A Footnote on Disclosure Prompted by the Ongoing Weldon Investigation


The Washington Post, and reporters R. Jeffrey Smith and Carol D. Leonnig, have more on the investigation of Rep. Curt Weldon, his daughter, and some of his close political allies. What’s interesting to me is how much of the information in the story comes from documents that federal law requires lawmakers and the lobbyists that try to influence them to disclose, and how little of that information is actually available to the public in a useful, searchable form.

For example, Smith and Leonnig report on privately funded junkets to Serbia, Russia and Jacksonville, Fla., taken by Weldon and a member of his staff; if it weren’t for the efforts of groups like the Center for Public Integrity and now the Center for Responsive Politics, those reports would be available only to researchers who trekked down to the Capitol.

Smith and Leonnig also report on filings that the Justice Department’s Foreign Agents Registration Act registration unit maintains–these filings specified, among other things, that Weldon’s daughter’s firm would be paid $300,000 a month by Itera International Energy Corp., a Russian oil and gas management firm that’s part of the investigation. Back in 2004, colleagues of mine at the Center for Public Integrity tried to get the database of these filings from the Justice Department in order to present them to a broader public; CPI even went to court to force Justice’s FARA Registration Unit to make the data available. In the course of trying to pry loose the data, they learned that the computer system that preserves this data was in less than excellent shape:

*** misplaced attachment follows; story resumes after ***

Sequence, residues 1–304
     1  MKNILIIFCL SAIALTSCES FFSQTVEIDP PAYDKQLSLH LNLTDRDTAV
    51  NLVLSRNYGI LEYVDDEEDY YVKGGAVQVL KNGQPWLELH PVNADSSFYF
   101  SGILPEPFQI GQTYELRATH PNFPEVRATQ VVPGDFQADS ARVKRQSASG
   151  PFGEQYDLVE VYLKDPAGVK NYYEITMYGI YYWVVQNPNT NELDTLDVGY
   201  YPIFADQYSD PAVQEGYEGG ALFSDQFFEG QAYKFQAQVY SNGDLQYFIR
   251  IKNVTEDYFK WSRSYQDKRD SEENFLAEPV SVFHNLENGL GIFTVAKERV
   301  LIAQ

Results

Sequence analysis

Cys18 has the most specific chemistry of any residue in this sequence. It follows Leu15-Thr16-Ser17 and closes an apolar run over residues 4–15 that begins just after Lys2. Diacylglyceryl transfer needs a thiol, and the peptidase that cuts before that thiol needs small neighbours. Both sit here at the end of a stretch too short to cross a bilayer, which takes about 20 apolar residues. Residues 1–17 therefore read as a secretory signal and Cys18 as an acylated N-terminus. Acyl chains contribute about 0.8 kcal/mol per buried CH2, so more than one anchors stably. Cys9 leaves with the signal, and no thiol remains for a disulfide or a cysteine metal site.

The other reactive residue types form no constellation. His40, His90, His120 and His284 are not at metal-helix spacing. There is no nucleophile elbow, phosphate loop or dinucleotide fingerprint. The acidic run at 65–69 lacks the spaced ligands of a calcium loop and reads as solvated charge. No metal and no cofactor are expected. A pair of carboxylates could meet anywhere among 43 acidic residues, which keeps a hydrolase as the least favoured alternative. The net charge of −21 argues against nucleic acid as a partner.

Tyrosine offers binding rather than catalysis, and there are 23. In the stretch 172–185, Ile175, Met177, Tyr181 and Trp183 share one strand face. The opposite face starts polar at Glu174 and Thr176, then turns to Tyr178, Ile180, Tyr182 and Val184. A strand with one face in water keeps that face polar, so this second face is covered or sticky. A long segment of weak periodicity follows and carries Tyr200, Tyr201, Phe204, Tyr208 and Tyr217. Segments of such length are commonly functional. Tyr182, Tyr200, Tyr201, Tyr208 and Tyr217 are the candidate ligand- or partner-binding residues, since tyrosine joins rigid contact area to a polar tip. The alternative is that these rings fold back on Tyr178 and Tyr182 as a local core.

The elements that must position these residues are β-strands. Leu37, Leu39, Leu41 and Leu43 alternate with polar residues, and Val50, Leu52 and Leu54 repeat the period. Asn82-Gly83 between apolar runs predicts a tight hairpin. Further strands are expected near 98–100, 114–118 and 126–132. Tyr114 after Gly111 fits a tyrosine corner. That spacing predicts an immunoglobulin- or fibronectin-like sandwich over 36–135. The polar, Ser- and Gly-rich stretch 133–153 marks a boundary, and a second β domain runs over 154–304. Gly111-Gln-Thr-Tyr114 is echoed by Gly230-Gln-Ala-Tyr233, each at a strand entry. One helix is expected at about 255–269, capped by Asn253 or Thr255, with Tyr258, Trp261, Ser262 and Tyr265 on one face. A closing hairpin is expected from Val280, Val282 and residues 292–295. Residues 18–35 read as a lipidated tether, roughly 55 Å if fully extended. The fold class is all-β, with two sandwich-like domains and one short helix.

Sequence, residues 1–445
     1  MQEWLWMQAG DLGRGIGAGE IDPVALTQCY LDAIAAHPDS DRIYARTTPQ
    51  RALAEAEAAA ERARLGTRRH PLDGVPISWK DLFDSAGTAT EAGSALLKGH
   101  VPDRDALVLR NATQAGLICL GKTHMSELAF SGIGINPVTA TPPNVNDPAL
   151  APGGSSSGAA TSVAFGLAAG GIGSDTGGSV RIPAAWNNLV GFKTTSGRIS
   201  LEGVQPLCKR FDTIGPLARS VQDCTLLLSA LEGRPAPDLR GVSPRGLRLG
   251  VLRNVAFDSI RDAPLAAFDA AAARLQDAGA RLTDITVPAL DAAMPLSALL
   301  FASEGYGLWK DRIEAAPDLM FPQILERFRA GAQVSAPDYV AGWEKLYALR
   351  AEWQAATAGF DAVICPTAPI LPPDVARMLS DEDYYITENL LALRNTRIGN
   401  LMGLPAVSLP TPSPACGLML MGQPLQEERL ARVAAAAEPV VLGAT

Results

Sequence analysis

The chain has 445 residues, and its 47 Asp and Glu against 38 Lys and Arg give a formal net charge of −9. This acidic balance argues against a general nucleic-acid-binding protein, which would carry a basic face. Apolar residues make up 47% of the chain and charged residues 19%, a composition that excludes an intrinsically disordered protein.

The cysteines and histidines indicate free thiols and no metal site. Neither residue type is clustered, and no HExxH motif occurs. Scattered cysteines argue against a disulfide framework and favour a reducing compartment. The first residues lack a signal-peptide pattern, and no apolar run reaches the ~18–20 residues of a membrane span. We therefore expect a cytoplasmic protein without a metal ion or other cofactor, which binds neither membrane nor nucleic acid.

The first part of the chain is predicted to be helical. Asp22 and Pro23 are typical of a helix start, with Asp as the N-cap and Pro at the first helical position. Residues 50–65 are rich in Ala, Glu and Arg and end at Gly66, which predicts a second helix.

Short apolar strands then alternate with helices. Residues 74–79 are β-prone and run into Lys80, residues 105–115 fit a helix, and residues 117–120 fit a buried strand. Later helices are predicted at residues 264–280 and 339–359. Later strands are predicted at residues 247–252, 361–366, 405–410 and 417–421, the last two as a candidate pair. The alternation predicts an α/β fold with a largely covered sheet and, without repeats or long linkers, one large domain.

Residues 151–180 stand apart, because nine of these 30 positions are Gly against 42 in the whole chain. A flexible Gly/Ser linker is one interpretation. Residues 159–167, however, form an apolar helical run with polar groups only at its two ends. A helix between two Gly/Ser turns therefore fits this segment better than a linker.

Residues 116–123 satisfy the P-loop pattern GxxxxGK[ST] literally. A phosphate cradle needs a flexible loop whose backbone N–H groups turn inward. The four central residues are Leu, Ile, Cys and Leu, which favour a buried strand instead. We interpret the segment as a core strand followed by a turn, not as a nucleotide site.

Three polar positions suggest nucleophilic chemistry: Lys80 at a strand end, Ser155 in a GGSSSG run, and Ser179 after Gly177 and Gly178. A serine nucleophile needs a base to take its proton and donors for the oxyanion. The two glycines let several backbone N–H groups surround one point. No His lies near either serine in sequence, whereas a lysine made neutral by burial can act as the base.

Responding to a recent Freedom of Information request from the Center for Public Integrity, the Justice Department’s Foreign Agent Registration Unit said it was unable to copy its records electronically because their computer system was “so fragile.” In a letter, the head of the unit’s Freedom of Information office said that simply attempting to make an electronic copy of the database “could result in a major loss of data, which would be devastating.”

The database details millions of dollars spent on lobbying activities by foreign governments, companies, and foundations.

Those activities include everything from wining and dining lawmakers to broadcasting issue ads on American television and radio stations.

You can only get information from the FARA Registration Unit by visiting its downtown Washington offices, between 11 a.m. and 3 p.m., looking it up on their balky computer system, and paying 50 cents a page to make copies. Not exactly robust disclosure–which makes this comment, from that same 2004 CPI story by Kevin Bogardus, surreal to say the least:

“The information itself still is very accessible,” said Bryan Sierra at the Department of Justice’s Office of Public Affairs. “The basic mandate of the office is to provide information to the public.”

They’ve got a funny way of fulfilling their mandate…